I minored in music in college. At the same time I was learning a little bit about music theory, I was also discovering jazz music. My growing understanding of music theory made jazz even more fascinating because I could understand something of the creativity and originality in the way jazz music is constructed, how jazz musicians and composers bent and reformatted the rules on music composition and performance.
I began to buy jazz albums and play them in my dorm room. Then something happened to curtail my forays into the world of jazz: my roommate talked to me about the effects of jazz on his conscience.
My roommate had come to faith as a senior in high school. But before that, he was a party animal. The stories he told me about his party days even led me to think he might have been an alcoholic when he was in high school.
When he heard my jazz, he told me, it awakened appetites in him that he was trying to forget. This was odd, because jazz had no such effect on me. What impressed me as creative and original led him to a dark place he didn’t want to go.
What were my options here? After all, I was listening to music I had purchased, playing it on my equipment. And there was nothing inherently wrong with jazz music, at least in a chapter-and-verse sense of the word. I surely had a right to listen to my music. (You did notice all the first-person pronouns in there, didn’t you?)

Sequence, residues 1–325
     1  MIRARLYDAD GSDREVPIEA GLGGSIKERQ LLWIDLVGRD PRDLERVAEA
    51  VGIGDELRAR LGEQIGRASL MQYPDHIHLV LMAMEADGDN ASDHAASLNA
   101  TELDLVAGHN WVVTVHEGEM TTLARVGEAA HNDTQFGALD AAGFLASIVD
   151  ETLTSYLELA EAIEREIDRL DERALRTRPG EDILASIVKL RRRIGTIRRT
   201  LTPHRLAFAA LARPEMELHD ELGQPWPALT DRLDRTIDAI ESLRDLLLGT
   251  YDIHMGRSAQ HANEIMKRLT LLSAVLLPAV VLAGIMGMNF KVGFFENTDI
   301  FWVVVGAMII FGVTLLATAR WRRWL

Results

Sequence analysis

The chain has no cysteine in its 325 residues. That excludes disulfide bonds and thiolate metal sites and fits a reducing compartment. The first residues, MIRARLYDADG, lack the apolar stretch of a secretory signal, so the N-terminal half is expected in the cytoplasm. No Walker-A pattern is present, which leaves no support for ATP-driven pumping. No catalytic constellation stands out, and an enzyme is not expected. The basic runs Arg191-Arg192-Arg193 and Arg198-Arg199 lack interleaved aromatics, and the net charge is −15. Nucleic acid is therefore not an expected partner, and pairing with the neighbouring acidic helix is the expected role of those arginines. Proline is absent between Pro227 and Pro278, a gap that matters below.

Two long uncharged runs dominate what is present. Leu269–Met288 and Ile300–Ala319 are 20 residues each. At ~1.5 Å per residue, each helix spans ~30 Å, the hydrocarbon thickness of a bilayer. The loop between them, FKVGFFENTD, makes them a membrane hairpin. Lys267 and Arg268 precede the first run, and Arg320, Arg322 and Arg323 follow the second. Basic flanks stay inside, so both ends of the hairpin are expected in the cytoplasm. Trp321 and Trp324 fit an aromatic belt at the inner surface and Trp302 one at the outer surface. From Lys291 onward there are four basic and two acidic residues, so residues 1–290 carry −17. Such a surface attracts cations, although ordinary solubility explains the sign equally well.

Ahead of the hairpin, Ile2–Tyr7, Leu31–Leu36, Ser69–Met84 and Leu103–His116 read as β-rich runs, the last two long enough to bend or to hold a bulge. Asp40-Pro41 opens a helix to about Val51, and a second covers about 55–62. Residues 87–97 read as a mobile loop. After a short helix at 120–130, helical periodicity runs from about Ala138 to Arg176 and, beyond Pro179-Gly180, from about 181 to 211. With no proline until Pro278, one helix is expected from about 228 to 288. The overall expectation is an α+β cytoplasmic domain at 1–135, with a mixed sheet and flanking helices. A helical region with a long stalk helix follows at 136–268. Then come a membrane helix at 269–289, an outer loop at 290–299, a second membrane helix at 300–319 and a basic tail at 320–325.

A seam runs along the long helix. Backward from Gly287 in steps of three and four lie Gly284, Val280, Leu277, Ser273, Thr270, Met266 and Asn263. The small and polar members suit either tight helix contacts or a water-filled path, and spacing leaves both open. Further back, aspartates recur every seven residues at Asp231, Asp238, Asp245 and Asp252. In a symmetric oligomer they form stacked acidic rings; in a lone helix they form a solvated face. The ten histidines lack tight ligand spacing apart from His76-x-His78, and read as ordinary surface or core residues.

But this wasn’t about my rights. I had to weigh the value of my liberty against my love for my brother in Christ, and that wasn’t really a tough call.
In the end, I knew I had to do what Paul urges in his letter to the believers in Rome: “We who are strong have an obligation to bear with the failings of the weak, and not to please ourselves. Let each of us please his neighbor for his good, to build him up” (Romans 15:1-2).
And to be candid, this wasn’t a difficult choice. My brother’s conscience was far more precious to me than my liberty.
We may give a nod to the old saying:
In essentials, unity.
In non-essentials, liberty.
In all things, charity.
But, like many sayings, that is easier said than done. Sometimes the stakes are so high that we have a hard time deferring to our brothers and sisters in these matters. When some liberty is extremely important to me, I may find it very difficult to lay aside my preferences for the sake of my brother or sister. Worse, when my moral sensibilities clash with someone else’s, when an activity violates my conscience and I have a powerful personal conviction about it, I may not be able to “bear with” my brother and allow to him to enjoy his liberty without judging him.
That’s why bearing with one another may be the most difficult aspect of “one-anothering.” It requires us to examine our motives and clarify what really matters to us. And because we follow our suffering Savior, the answer must always be obvious. We must “bear with” our brothers and sisters because we follow the one “who, though he was in the form of God, did not count equality with God a thing to be grasped, but emptied himself, by taking the form of a servant, being born in the likeness of men. And being found in human form, he humbled himself by becoming obedient to the point of death, even death on a cross” (Philippians 2:6-8).